She arrives when Quinn is making a concerted competition litigation drive: the firm has two big-ticket cases on its books, with partner Boris Bronfentrinker defending truck maker Daimler in a mass cartel case, as well as consumer rights activist Walter Merricks in his claim against MasterCard.

Last week the Court of Appeal set aside a previous Competition Appeal Tribunal judgment, allowing the £14bn MasterCard claim to proceed.

Whiteford commented: ‘Like many other competition lawyers, I have watched with admiration as the competition team at Quinn Emanuel swiftly carved out a market-leading position in competition litigation in London.’

Boris Bronfentrinker, co-head of Quinn’s London competition team, told Legal Business: ‘Elaine has extensive experience from some of the most significant cases in the English courts, and can operate on either the defendant or claimant side which fits the bill of what we need.’

He added: ‘Competition litigation is a primary growth area for the firm globally but also in London. It’s quite staggering how we’ve grown in the five years since I’ve been here, from zero partners to four and nine specialist associates.’

Meanwhile, Ropes has made a major financial regulation play with the appointment of O’Melveny & Myers’ London partner Eve Ellis.

Ellis becomes the 24th partner in Ropes’ London office, bringing with her experience in advising fund and asset managers on fund structuring, the marketing of financial products and the establishment of regulated businesses.

Mike Goetz, co-managing partner of Ropes’ London office, said: ‘Eve’s regulatory experience will be highly valued by our asset management clients, who are increasingly seeking UK and EU regulatory advice relating to AIFMD and MiFID II.’

Ellis’ departure is the third from O’Melveny’s City outpost in less than a month, as the US-bred firm gears up for a potential merger with Allen & Overy. Private equity funds partners Daniel Quinn and Aleksander Bakic swapped O’Melveny for Akin Gump at the end of March.

Finally, Mishcon has launched a new debt advisory service with the hire of real estate partner Omega Poole from Brown Rudnick. She has experience advising on a variety of transactions such as single asset, portfolio, direct or credit investments.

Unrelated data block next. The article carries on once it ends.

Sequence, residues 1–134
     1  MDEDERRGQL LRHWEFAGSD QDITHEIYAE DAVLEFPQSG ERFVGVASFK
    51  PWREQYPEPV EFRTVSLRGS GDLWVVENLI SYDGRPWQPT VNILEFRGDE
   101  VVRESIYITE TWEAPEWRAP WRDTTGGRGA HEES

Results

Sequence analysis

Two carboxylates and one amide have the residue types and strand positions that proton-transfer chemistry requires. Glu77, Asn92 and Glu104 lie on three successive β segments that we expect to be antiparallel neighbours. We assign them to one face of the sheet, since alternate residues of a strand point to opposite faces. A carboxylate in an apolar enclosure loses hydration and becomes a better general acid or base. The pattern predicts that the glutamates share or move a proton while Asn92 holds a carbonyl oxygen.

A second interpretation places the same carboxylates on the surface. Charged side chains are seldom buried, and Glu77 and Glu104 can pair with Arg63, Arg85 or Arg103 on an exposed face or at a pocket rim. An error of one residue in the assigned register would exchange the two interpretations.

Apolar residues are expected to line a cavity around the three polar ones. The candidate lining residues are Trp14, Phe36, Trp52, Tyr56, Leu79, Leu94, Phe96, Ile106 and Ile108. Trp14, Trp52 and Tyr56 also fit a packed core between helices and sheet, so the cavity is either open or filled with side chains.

Nick Strutt, who heads up Mishcon’s real estate finance group, commented: ‘She is an impressive individual who will help our clients navigate the market during these unsettled times, advising on the many alternative financing opportunities that are emerging in order to help them secure the best deals possible.’

Legal Business

Disputes round-up: Supreme Court loss for Pfizer as Mishcon’s Levitt QC returns to the Bar

Disputes round-up: Supreme Court loss for Pfizer as Mishcon’s Levitt QC returns to the Bar

Allen & Overy (A&O) client Pfizer has lost a landmark Supreme Court battle against a host of manufacturers, leaving it vulnerable to substantial financial claims.

In a judgment handed down yesterday (14 November), the Supreme Court upheld lower court decisions that Pfizer’s patent for its pregabalin pain relief product was invalid. Branded as ‘Lyrica’, the pregabalin-based drug is used to treat neuropathic pain as well as generalised anxiety disorder and epilepsy.

The patent was ruled invalid because it did not support the use of neuropathic pain, meaning that generic manufacturers such as Actavis (now called Allergan) and Mylan, who were respondents in the case, will now be able to produce their own pregabalin products.

The NHS also now has the right to claim against Pfizer, after incurring unnecessary extra costs for using the more expensive Lyrica brand rather than a cheaper alternative.

Linklaters IP partner Yohan Liyanage told Legal Business: ‘Secondary medical use patents such as these are very important for pharmaceutical companies, and the judgment indicated that the threshold for obtaining them is higher than previously thought. The decision makes it harder for innovative pharmaceutical companies to enforce the patents, so the NHS and generics are the real winners.’